In my first few years as a teacher I once had a behaviour teacher observe my class as there was a child with very distinct needs in the group. The behaviour teacher gave me some strategies to cope with this student in an attempt to minimise the disruptions to the classroom. The suggestions given were: to set up a relaxed space in the classroom for this child so that they could choose to go there if they felt like they were in an aggressive state and felt like they couldn’t control themselves, to let the child go for a walk or get a drink if they felt they needed some time to themselves and that if this child completed one set task they would then get 20 minutes free time on the computer.
I could see where the behaviour teacher was coming from and why these strategies may be needed. However I considered these suggestions in the context of the whole class. For me as a teacher it was not about control but discerning what will support this child and the whole class. I considered what was being presented and I realised that more was needed than this and that this approach would give this one child a lot of power in the room. This child already intimidated other children. I could see that this child was incredibly hurt by some situations that were happening at home. The child was scared and felt threatened by what was happening that was outside of their control. When this child then came to school they displayed aggressive behaviours to get others to back off and ensure that they wouldn’t be vulnerable or feel threatened in this environment.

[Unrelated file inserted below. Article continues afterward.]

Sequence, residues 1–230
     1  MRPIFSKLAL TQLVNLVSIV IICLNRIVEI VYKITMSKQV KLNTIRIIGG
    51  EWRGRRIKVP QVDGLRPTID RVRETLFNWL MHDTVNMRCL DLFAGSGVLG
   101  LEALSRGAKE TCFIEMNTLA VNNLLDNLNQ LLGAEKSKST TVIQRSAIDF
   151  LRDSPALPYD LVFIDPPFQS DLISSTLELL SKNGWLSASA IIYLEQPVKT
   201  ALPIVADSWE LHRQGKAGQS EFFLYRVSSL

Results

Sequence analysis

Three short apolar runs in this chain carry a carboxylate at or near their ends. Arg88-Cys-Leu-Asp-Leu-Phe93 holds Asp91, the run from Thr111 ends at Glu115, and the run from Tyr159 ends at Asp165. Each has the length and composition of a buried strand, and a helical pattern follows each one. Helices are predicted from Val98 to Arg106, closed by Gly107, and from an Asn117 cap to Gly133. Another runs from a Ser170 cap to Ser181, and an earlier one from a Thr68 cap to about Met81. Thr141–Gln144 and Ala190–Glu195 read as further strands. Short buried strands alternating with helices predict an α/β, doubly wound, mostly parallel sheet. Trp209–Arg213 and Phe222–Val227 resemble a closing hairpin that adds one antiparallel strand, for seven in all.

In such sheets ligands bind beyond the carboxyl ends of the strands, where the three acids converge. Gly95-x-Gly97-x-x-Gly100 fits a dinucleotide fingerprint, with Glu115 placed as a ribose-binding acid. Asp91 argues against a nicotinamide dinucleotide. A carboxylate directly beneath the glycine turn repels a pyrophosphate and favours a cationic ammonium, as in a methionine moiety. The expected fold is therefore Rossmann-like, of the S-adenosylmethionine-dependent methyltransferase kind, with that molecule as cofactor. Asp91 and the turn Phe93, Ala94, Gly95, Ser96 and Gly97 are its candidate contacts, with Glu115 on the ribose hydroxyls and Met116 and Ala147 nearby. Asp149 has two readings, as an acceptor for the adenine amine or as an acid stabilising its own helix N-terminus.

I contemplated what these strategies would actually teach this child and the other children in the room. I felt very strongly that it was saying to this child, if you use aggression as a means to control your environment then you will get others to step on egg shells around you and you will have power over the room and others. This child had a history of physically and verbally lashing out at other children in the room, so the other children felt very threatened and intimidated by this child.